- Nonprofit Cloud for Case Management. This is an update to the already available and functional summer release also. New is some new ways to use dynamic assessment as well as support for splitting parties (affiliated groups of contacts). This app is similar in function to the paid case management managed module but with different objects and code base.
- Nonprofit Cloud for Outcome Management: This is a brand new app included in Nonprofit Cloud. Features include defining and tracking indicators, effort and outcome, group outcomes to demonstrate or support your theory of change, You can add indicators to interim and final results. I believe there is nothing comparable in the NPSP domain for a standard offering. https://help.salesforce.com/s/articleView?id=release-notes.rn_outcome_management.htm&release=246&type=5
- Common Tools available to Nonprofit Cloud Users (unknown if compatible with NPSP and EDA at this time, but not available without the Industry Cloud enablement licenses. This is not a full list… just those with changes that seemed likely to help early adopters of Nonprofit Cloud)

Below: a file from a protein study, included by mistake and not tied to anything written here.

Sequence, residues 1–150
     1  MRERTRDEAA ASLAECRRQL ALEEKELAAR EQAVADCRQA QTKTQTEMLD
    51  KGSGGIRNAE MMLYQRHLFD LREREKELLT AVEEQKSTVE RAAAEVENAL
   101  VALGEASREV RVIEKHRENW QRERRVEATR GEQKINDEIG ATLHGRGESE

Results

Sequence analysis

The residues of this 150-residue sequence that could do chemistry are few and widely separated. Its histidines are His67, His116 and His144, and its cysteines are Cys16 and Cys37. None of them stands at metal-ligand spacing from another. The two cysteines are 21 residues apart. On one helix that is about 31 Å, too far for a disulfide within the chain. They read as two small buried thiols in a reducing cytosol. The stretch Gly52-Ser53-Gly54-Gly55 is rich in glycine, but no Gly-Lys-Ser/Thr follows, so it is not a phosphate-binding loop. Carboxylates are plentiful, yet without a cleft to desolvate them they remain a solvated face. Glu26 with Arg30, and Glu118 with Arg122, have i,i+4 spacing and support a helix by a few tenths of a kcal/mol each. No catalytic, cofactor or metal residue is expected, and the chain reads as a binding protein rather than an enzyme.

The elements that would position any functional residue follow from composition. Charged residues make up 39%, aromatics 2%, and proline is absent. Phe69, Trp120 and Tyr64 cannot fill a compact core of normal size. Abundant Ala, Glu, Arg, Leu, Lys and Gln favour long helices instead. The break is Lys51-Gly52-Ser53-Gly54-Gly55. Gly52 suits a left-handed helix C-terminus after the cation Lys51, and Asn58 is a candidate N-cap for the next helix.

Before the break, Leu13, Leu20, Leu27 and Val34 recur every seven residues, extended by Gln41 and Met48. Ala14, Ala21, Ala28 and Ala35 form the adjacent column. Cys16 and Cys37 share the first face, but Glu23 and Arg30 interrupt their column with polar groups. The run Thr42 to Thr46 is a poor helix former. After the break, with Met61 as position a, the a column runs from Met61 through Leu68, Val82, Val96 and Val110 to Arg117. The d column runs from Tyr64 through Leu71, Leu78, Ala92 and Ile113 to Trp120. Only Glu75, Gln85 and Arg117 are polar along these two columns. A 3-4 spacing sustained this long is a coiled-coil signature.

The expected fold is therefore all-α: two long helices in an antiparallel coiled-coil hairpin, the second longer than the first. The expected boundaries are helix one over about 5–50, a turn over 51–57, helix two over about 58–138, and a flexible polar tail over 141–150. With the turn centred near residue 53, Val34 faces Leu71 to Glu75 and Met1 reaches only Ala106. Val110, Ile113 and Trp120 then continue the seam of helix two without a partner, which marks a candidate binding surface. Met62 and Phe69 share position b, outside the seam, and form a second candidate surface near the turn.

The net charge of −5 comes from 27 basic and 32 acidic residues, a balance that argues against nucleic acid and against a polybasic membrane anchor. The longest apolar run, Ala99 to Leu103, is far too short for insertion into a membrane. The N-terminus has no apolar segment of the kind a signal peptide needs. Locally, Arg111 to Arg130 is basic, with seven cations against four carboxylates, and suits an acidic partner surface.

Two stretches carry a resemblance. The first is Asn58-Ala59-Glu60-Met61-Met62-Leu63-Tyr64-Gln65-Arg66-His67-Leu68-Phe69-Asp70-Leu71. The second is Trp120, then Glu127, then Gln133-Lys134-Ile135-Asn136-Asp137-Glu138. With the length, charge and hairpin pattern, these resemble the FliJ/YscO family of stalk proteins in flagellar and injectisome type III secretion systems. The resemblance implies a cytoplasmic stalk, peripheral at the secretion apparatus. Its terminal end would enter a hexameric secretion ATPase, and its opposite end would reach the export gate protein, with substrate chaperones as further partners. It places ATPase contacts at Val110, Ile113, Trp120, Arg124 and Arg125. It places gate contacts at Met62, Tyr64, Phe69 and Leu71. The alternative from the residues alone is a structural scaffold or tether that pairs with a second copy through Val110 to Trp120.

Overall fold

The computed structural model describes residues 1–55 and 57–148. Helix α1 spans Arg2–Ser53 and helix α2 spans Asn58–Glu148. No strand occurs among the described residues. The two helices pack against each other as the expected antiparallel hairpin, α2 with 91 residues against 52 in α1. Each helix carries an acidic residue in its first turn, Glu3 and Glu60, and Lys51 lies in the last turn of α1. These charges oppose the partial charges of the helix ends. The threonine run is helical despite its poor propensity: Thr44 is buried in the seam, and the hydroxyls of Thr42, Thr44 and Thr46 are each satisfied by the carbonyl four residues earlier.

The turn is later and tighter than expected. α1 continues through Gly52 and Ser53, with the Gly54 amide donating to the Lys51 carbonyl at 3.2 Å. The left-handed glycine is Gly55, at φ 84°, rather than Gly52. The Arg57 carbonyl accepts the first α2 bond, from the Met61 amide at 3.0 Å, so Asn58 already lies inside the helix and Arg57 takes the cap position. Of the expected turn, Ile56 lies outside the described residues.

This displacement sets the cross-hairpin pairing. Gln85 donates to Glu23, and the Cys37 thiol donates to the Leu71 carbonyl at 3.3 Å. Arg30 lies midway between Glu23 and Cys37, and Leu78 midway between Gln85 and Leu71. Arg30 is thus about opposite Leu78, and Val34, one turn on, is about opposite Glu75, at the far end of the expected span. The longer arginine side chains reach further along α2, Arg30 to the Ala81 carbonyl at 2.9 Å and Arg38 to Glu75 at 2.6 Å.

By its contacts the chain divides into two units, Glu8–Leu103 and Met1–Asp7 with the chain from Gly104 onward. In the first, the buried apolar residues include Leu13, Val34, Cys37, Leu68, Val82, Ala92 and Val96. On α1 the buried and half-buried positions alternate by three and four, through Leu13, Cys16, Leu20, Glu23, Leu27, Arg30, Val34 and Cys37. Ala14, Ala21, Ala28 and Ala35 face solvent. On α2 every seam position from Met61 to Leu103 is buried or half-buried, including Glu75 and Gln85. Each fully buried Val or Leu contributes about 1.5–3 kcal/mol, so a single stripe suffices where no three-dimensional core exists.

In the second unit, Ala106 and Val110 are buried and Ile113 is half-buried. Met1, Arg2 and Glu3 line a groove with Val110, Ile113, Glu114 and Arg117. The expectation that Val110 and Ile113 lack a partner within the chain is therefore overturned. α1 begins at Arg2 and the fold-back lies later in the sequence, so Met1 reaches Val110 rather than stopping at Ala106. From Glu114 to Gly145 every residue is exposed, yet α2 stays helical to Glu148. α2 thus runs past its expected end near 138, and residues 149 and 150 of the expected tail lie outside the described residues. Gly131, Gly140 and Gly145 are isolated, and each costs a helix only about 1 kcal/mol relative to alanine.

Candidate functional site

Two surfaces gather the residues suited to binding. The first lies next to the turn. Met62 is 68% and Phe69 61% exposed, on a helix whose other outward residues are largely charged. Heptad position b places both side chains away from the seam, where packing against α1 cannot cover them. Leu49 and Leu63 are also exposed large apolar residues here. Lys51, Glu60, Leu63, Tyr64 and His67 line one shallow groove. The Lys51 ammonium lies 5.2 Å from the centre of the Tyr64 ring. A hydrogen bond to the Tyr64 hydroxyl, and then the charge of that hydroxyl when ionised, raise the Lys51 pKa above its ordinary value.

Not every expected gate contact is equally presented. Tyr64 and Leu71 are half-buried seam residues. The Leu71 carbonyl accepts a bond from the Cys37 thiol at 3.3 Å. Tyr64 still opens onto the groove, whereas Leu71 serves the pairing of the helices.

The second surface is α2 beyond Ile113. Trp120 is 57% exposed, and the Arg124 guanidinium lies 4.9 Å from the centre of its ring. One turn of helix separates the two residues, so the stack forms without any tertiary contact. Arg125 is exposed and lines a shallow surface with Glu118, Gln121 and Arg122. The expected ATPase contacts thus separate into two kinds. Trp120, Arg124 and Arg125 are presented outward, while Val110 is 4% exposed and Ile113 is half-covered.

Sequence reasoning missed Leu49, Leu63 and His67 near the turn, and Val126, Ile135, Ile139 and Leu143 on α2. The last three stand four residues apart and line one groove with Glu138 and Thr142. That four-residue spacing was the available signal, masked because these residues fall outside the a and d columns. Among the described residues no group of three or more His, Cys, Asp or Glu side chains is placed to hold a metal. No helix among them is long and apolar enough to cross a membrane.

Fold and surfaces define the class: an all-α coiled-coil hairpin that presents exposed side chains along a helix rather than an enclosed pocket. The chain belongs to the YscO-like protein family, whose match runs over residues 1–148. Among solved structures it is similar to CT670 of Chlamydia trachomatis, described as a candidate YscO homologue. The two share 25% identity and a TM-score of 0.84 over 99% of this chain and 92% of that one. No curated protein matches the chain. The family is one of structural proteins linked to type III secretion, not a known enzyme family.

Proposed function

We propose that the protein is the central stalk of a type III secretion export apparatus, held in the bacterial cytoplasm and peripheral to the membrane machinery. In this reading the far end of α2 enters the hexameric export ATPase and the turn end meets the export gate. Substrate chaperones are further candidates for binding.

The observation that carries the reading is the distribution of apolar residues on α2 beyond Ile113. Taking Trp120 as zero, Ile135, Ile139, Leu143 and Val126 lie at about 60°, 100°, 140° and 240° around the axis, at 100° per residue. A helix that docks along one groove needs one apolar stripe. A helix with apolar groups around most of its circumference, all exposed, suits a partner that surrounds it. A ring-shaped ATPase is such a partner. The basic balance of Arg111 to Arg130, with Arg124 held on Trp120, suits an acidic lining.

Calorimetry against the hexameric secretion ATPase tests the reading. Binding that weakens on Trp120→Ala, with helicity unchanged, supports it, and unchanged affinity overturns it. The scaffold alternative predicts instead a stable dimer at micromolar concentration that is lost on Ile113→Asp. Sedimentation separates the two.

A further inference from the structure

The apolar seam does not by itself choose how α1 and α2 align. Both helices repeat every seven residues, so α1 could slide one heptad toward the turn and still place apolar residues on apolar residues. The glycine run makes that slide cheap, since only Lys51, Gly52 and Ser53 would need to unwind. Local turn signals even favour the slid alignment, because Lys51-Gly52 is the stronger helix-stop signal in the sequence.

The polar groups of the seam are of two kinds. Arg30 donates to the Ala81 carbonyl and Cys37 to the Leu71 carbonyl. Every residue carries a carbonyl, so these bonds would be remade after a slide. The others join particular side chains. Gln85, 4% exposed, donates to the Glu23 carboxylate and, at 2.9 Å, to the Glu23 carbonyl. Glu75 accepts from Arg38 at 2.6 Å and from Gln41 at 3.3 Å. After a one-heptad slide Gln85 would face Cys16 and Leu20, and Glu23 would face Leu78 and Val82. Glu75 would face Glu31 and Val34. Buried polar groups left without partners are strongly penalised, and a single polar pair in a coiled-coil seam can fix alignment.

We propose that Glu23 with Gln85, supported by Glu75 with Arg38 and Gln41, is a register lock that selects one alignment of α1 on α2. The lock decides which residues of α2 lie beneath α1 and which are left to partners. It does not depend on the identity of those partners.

- Actionable List Members: You can automate assignment of contacts to lists, more easily filter lists to narrow focus, and define a KPI bar to help drive efficacy.
- Actionable Relationship Center: There are some changes that allow users to set up an anchor node as the starting point of these sometimes complex graphs that show the complete relationships of connections between people and organizations.
- Actional Segmentation: Personalize columns, add latest actional list members, add members through quick actions.